Development economics, Simon Fraser University, Vancouver, Canada
Fellowship : October 2014 to January 2015
Discipline(s) : Economics, History
Area(s) of expertise : Economic history
Pays : Canada, Norway
Do African states have the capacity for ‘development’? In the contemporary literature African states are described either as incapable or uninterested in development, but these notions have not been fully historicized. Meanwhile, it is widely acknowledged in the history, economics and politics of development literature that it is history and institutions that matter most for development outcomes. My proposed research will examine when, where and under what conditions states in sub-Saharan Africa were capable of nurturing development and when, where and under what conditions they were not. At present, we have no clear empirical metric to gauge whether African states are more capable, stronger or more legitimate today than they were 20, 50 or 100 years ago.
Morten Jerven has published widely on African economic development, and particularly on patterns of economic growth and development statistics. Jerven is an economic historian, with a PhD from the London School of Economics, and since 2009 he is employed at the School for International Studies, Simon Fraser University in Vancouver, Canada. His doctoral research on Botswana, Kenya, Tanzania and Zambia and his work on the post-colonial economic performance of these countries has been published in a range of journal papers. The work is particularly innovative in investigating the construction of African growth data and showing how data quality issues are critical for the evaluation of economic performance. His recent book Poor Numbers: How We Are Misled by African Development Statistics and What to Do about It has reignited debates on measurement in Africa, and has received reviews from the Financial Times and leading journals.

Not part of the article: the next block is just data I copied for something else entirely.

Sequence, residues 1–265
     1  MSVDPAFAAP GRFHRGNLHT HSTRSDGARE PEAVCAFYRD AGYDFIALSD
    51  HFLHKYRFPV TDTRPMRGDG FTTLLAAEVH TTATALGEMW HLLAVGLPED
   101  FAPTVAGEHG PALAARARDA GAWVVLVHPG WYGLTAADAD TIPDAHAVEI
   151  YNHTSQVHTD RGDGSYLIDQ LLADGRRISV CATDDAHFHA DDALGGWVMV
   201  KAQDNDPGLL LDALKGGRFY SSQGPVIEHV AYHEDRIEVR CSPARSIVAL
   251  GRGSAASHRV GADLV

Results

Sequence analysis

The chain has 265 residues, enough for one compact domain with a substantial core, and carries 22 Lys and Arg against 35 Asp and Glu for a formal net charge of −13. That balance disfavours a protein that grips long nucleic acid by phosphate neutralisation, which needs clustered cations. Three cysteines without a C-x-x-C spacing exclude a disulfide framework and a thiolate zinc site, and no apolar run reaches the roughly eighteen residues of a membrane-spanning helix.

Morten Jerven is currently working on linking studies on post-colonial economic development with the economic history of colonial Africa. The research project is focusing on the African growth data where the two related aims are to assess its quality and to construct a reliable basis to evaluate and interpret long term economic change in African economies.
JERVEN, Morten. Poor Numbers: How we are misled by African development statistics and what to do about it. Ithaca, NY: Cornell University Press, 2013. [online, visited 07/05/2014]
JERVEN, Morten. Economic Growth and Measurement Reconsidered in Botswana, Kenya, Tanzania, and Zambia, 1965-1995, Oxford University Press, 2014. [online, visited 07/05/2014]
JERVEN, Morten. African Growth Recurring: An Economic History Perspective on African Growth Episodes, 1690-2010. Economic History of Developing Regions, 25:2, p. 127-154, 2010. [online, visited 07/05/2014]
JERVEN, Morten. An Unlevel Playing Field: National Income Estimates and Reciprocal Comparison in Global Economic History. Journal of Global History, 7: 1, p. 107–128, 2012. [online, visited 07/05/2014]
JERVEN, Morten and FRANKEMA Ewout. Writing History Backwards or Sideways: Towards a Consensus on African Population, 1850-present. Economic History Review, forthcoming 2014.